The Codebreakers – Enigma, Bletchley Park and the Battle of the Atlantic
3 December, 2009 Leave a comment
This just in from the Edinburgh Branch of the BCS:
Wednesday 9th December 2009, 6:30 pm.
Speaker: Dr. Mark Baldwin.
University of Edinburgh Informatics Forum, 10 Crichton Street, Edinburgh, EH8 9AB – map (click on Informatics Forum in the list of buildings).
This talk is free of charge. Refreshments available from 6:00 pm.
One of the Second World War’s most fascinating stories is that of the Enigma machine, a portable encryption device widely used by the Germans, whose ciphers they believed to be totally secure. Nevertheless, by mathematical analysis and modern technology (and a certain amount of good luck), the Allies devised techniques for ‘breaking’ Enigma ciphers, and thus read several million German messages, providing a wealth of reliable Intelligence. The attack on Enigma, initiated by the Poles in the 1930s, was later perfected by the British at Bletchley Park, today open to the public as a museum site.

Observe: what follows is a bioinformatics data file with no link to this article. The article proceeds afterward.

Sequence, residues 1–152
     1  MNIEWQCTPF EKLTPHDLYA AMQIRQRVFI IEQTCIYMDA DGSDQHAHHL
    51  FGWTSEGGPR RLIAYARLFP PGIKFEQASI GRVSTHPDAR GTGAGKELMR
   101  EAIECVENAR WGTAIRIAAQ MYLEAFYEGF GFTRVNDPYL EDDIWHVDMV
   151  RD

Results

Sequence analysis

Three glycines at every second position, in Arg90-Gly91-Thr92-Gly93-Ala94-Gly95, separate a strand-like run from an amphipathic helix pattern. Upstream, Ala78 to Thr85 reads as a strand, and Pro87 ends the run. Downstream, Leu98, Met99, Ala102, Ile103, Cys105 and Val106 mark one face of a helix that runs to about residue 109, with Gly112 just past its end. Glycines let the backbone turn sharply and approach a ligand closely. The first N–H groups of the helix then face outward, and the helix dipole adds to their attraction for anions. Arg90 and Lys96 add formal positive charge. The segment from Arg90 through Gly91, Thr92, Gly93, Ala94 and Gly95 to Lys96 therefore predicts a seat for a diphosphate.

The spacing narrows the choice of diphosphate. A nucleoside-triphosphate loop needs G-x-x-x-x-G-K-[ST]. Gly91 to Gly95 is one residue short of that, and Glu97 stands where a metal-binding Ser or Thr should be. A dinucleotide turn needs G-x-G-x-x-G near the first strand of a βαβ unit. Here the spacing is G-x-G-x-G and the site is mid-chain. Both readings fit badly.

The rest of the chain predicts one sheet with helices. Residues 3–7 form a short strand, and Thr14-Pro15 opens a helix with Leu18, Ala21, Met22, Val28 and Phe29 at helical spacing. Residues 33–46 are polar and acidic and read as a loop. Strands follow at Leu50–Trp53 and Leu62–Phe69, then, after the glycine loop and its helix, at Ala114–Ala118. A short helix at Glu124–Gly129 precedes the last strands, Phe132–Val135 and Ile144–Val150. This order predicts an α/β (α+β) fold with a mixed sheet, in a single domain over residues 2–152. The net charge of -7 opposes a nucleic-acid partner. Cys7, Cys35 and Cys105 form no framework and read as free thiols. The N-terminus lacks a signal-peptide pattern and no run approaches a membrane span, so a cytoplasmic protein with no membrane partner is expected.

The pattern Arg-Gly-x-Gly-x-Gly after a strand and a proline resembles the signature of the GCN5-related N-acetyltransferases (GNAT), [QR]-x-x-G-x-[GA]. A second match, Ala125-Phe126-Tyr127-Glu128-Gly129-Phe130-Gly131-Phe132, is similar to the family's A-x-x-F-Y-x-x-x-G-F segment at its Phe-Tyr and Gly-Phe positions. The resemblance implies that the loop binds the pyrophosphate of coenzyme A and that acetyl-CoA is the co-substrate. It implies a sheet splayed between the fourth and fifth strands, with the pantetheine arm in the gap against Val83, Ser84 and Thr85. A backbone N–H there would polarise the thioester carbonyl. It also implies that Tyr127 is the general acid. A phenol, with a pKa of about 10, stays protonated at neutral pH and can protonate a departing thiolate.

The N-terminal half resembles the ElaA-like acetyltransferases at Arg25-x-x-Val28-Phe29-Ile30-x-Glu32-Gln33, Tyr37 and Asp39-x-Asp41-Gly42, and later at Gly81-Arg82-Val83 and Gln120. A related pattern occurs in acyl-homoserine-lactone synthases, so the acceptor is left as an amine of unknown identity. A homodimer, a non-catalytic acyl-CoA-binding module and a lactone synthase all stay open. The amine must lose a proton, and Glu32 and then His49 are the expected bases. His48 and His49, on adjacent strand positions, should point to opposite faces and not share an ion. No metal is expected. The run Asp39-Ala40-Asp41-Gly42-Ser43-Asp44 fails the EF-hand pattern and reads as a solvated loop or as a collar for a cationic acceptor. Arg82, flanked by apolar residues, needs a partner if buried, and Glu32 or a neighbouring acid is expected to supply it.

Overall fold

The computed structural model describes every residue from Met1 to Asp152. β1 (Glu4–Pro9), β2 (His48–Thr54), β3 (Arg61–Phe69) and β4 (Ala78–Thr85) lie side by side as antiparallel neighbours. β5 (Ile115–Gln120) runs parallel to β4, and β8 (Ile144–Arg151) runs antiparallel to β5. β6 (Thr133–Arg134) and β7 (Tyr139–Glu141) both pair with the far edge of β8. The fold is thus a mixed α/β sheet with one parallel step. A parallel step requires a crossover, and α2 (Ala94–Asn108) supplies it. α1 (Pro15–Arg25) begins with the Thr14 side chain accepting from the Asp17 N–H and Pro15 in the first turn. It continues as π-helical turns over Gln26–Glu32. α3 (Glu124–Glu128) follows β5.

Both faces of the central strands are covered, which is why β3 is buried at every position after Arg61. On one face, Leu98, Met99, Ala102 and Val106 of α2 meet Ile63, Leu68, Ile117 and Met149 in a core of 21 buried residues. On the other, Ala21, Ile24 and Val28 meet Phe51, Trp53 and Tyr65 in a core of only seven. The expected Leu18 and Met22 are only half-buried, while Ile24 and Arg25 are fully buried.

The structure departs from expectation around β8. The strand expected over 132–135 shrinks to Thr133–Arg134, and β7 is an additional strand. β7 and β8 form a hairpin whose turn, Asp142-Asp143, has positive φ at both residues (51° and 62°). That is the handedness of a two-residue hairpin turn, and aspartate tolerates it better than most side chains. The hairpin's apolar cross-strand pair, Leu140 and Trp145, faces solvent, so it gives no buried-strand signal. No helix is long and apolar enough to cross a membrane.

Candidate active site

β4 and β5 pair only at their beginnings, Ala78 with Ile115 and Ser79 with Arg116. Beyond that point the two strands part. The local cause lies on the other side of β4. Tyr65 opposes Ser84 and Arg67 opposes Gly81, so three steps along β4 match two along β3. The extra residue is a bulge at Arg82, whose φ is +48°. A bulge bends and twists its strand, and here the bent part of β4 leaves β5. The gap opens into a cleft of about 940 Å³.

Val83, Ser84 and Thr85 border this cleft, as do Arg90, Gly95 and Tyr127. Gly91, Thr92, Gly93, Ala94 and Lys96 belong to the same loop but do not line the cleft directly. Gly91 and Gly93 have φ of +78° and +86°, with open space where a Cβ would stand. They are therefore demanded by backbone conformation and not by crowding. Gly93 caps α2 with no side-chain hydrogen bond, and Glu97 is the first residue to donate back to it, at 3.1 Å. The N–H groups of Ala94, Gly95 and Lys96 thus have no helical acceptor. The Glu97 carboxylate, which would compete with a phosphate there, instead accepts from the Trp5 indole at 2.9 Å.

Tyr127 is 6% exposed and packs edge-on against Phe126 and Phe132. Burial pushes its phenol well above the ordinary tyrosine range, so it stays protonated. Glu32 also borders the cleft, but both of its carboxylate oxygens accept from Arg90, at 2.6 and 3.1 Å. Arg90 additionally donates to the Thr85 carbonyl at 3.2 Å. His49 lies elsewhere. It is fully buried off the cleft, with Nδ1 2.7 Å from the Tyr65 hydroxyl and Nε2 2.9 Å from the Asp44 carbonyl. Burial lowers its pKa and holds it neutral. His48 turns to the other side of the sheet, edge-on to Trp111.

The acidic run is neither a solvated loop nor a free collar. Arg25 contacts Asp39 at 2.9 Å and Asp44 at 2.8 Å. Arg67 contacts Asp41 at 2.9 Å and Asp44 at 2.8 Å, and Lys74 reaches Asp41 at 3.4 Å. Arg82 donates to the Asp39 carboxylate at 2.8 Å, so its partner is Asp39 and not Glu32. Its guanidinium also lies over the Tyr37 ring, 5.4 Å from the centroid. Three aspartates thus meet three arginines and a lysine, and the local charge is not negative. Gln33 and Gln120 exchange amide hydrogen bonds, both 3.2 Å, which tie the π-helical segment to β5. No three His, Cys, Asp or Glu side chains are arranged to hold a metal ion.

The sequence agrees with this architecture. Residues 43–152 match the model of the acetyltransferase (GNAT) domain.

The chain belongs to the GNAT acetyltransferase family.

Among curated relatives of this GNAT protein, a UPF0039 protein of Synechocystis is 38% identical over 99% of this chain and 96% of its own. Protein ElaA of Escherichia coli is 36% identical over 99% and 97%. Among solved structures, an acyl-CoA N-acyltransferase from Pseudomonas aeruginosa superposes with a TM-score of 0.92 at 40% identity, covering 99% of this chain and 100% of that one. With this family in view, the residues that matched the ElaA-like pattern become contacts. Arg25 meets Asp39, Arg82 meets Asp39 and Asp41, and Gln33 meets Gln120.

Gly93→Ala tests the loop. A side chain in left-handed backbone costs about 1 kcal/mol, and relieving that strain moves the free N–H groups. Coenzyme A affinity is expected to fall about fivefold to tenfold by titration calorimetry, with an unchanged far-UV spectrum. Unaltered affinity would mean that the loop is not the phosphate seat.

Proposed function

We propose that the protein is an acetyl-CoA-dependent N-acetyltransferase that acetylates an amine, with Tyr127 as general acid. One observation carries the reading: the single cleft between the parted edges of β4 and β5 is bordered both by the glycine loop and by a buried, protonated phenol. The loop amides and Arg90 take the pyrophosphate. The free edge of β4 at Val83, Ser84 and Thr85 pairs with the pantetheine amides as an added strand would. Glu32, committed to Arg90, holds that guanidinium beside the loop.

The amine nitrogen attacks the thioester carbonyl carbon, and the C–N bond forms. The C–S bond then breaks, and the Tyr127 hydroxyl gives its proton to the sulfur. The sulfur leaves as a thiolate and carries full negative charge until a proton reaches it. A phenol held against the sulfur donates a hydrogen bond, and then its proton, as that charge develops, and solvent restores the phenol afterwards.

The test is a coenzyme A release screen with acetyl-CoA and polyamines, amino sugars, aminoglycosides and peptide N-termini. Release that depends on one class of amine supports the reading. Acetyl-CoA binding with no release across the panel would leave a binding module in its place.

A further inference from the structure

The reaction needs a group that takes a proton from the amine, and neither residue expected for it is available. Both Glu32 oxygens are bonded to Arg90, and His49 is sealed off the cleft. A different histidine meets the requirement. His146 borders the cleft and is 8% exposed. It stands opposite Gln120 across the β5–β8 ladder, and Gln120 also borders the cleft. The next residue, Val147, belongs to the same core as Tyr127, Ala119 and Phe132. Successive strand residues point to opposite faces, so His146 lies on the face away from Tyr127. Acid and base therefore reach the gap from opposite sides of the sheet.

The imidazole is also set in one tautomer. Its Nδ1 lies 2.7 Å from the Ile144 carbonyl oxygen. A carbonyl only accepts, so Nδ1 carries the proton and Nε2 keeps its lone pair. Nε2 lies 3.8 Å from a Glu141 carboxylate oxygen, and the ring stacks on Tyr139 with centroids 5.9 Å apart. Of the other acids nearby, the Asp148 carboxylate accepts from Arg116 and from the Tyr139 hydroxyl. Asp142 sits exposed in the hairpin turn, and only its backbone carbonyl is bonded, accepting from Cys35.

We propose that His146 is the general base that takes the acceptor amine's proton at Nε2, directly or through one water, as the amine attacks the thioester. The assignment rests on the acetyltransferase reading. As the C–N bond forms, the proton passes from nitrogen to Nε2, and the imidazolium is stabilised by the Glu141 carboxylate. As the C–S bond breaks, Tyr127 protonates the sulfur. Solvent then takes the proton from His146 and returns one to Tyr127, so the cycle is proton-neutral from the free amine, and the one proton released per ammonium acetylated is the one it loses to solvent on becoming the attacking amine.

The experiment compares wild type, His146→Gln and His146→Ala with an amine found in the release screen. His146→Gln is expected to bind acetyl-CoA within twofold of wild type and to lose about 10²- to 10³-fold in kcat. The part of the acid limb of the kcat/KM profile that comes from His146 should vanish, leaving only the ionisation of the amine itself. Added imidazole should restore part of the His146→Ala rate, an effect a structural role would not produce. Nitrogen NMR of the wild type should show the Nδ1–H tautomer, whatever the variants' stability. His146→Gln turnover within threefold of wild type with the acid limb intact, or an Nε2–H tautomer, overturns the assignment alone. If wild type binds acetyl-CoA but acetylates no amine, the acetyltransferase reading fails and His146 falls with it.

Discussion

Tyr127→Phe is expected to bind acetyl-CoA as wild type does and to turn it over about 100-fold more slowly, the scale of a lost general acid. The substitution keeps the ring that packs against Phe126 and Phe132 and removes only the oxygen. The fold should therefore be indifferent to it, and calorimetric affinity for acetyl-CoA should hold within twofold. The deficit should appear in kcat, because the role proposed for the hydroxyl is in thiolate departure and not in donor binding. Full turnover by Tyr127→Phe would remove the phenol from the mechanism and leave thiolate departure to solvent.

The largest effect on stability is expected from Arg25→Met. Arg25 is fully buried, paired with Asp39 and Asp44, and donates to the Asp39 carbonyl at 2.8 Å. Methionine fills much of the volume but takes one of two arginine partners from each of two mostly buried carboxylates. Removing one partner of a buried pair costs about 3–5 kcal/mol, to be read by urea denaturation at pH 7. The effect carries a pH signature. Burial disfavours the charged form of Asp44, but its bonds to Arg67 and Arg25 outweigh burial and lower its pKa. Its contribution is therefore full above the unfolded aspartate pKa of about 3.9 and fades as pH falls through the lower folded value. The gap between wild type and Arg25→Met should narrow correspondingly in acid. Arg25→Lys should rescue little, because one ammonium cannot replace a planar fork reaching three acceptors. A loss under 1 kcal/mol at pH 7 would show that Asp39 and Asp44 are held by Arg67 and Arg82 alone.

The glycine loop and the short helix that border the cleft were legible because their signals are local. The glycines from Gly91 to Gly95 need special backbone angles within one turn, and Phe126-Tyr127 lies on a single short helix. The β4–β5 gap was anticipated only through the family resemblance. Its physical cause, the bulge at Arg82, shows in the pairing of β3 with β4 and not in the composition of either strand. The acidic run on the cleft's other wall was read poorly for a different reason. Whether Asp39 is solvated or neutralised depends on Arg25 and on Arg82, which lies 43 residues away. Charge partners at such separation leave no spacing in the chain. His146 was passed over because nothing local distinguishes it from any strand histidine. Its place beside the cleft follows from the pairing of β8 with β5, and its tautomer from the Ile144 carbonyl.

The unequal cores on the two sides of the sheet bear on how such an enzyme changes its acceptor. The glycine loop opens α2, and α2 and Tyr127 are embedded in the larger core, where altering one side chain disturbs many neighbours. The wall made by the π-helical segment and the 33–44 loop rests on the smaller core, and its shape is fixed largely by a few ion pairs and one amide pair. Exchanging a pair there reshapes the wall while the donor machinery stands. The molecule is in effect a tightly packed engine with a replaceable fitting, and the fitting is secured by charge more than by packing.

The Intelligence gained was of immense value to the Allies in virtually every theatre of war, but nowhere more so than in the Battle of the Atlantic, that fierce conflict which lasted nearly six years and cost over 60,000 lives. Dr Baldwin uses the Battle of the Atlantic to exemplify the importance of codebreaking in winning the war.
After the presentation, the audience are invited to take part in a hands-on practical demonstration of one of the few surviving Enigma machines. Only about 200 are known to survive worldwide; of these, only about a dozen are in public collections in Britain. As these machines are so rare, Dr Baldwin is providing a unusual opportunity for the audience not just to view, but also to operate, an original 4-rotor Enigma machine (i.e. the more sophisticated model, developed for the U-Boat service in 1942). This is of particular interest, as there is no working machine on permanent public display anywhere in England north of Bletchley Park, and nowhere at all in Wales, Scotland or Ireland.